This coloured print depicts a cutting of the Dendrocnide moroides or the Gympie-Gympie Stinging tree. It is commonly found in the tropics of Queensland. This print is a reproduction of a drawing made during Cook's first voyage to the Pacific and Australia on HMB ENDEAVOUR. The drawing was based on a specimen collected near Endeavour River, Australia between 17 June and 4 August 1770.
The original illustration was sketched by artist Sydney Parkinson, and was later painted by Frederick Polydore Nodder, and engraved by Daniel Mackenzie.
SignificanceBanks' Florilegium records and celebrates the botanical discoveries made by Joseph Banks and Dr Daniel Solander during James Cooks' voyage of scientific discovery aboard HMB ENDEAVOUR between 1768-1771. The voyage produced an impressive botanical collection and established a British claim to the east coast of Australia which later resulted in the establishment of the colony of New South Wales.
HistoryJames Cook's first voyage of exploration to the Pacific was in command of HMB ENDEAVOUR between 1768 and 1771. The Royal Society of London petitioned King George III for an expedition to Tahiti to view the transit of Venus on 3 June 1769, and to explore the Pacific Ocean. The naturalist Joseph Banks accompanied James Cook on the voyage, and funded the employment of naturalist Daniel Carl Solander, natural history artist Sydney Parkinson, landscape artist Alexander Buchan, secretary and artist Herman Spöring, and four field assistants.
The Scottish born Sydney Parkinson was known to Banks, having worked with him at the Royal Botanic Gardens at Kew. During the expedition, Parkinson made some 1,300 sketches and watercolours of specimens and landscape views. Initially, Parkinson was able to complete a sketch and watercolour of each specimen, however his workload dramatically increased after the death of Buchan in Tahiti in 1769.
As specimens were continually collected by Banks and Solander, Parkinson resorted to detailed annotated sketches, with the intention of completing the watercolours upon his return to England. However, on the homeward voyage, Parkinson contracted dysentery at Batavia (now Jakarta), and died on 26 January 1771.
Upon returning to England, Banks became a preeminent figure in the field of natural history. He later became president of the Royal Society, and was eventually created a baronet. His enormous influence extended beyond natural history, and he corresponded with Pacific missionaries, and advised the British government on the colonial prospects of New South Wales.
Despite a bitter battle with Sydney Parkinson's brother Stanfield, Banks refused to relinquish Parkinson's sketches, arguing that as he had employed Parkinson to produce the illustrations, they belonged to him. Banks then employed five artists (Thomas Burgis, John Cleveley, John Frederick Miller, James Miller and Frederick Polydore Nodder) between 1772 and 1778 to complete Parkinson's sketches.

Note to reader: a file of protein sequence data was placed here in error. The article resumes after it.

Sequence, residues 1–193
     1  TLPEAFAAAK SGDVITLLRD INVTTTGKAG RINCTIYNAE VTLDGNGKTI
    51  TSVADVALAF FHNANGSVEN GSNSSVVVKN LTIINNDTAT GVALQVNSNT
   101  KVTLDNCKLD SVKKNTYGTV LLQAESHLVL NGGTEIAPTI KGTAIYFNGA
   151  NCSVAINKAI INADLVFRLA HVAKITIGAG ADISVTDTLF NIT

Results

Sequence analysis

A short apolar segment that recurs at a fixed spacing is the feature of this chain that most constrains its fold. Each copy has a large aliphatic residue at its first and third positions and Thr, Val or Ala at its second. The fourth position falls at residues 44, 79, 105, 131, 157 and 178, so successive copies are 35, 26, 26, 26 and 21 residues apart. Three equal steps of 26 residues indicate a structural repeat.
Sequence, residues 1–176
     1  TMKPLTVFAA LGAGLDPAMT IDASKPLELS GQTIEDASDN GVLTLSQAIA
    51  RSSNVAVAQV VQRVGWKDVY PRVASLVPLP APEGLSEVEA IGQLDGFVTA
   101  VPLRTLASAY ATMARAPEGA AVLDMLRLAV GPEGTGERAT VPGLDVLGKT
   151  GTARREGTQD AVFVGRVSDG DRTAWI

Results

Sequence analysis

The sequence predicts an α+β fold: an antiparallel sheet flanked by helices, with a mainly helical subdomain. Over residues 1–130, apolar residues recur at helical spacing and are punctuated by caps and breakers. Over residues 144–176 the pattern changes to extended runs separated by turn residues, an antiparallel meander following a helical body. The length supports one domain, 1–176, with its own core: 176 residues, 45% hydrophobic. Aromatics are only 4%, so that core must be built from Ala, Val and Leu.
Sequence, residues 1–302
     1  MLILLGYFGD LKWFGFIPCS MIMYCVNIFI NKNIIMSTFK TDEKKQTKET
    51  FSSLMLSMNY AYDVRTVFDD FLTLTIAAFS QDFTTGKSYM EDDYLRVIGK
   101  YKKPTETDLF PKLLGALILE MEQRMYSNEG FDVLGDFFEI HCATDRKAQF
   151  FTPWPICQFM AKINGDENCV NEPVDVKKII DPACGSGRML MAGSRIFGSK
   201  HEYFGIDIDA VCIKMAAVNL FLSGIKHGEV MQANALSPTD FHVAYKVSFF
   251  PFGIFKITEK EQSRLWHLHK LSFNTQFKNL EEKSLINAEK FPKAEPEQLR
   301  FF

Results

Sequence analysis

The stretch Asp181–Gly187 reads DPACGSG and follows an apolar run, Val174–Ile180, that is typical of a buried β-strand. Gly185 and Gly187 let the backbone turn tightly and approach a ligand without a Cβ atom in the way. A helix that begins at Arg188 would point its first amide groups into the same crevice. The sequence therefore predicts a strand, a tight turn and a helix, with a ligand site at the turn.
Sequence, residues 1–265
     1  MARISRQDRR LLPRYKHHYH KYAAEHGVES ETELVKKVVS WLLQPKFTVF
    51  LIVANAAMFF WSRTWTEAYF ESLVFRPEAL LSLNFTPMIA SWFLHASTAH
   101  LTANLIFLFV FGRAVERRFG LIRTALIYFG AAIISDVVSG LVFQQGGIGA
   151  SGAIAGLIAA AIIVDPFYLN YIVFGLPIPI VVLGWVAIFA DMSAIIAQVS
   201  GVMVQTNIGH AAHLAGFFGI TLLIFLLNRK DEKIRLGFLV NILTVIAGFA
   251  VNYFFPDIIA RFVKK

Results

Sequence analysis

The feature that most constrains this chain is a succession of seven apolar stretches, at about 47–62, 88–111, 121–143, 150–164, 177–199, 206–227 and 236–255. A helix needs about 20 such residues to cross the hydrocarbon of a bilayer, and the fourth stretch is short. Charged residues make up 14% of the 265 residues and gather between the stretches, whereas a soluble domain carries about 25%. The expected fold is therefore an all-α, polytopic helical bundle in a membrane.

He then employed 18 engravers - at an enormous cost of over £7,000 - to engrave the works onto copper printing plates. Daniel MacKenzie, the principle engraver, produced over 250 engravings. The other engravers were Gerald Sibelius, Gabriel Smith, Charles White, Robert Blyth, Frederick P Nodder, William Tringham, Jabez Goldar, van Drazowa, Thomas Scratchley, John Lee, Jean-Baptiste Michell, William Smith, Edward Walker, John Roberts, Thomas Morris, Bannerman and Francis Chesham. A total of 743 selected engravings were made.
Banks intended to publish the works in full colour in a 14 volume folio, however due to other competing interests, the project was put aside. The publication never eventuated and the watercolours and specimens were deposited with the British Museum in 1827 (a part of which later became the Natural History Museum). Over the next 150 years, the engravings were only printed twice - 318 of them were published in 1900, and 30 were published in 1973, both times in monochrome.
In 1980 Alecto Historical Editions of London, in partnership with the Natural History Museum, began the task of printing the entire collection of original engravings, which took ten years and saw the 743 engravings printed in colour for the first time. Banks' Florilegium, as the collection is known, was published in 35 parts and limited to 100 sets. The florilegium records the plants collected by Banks and Solander in Madeira, Brazil, Tierra del Fuego, the Society Islands, New Zealand, Australia and Java.
The Australian National Maritime Museum holds in its collection parts 1 to15, consisting of 337 prints of the plants collected in Australia, from Botany Bay to Booby Island, with a great majority of the specimens being collected in the Endeavour River region.
Primary title: DENDROCNIDE MOROIDES, PLATE 313, BANKS' FLORILEGIUM
Web title: Dendrocnide moroides, Plate 313, Banks' Florilegium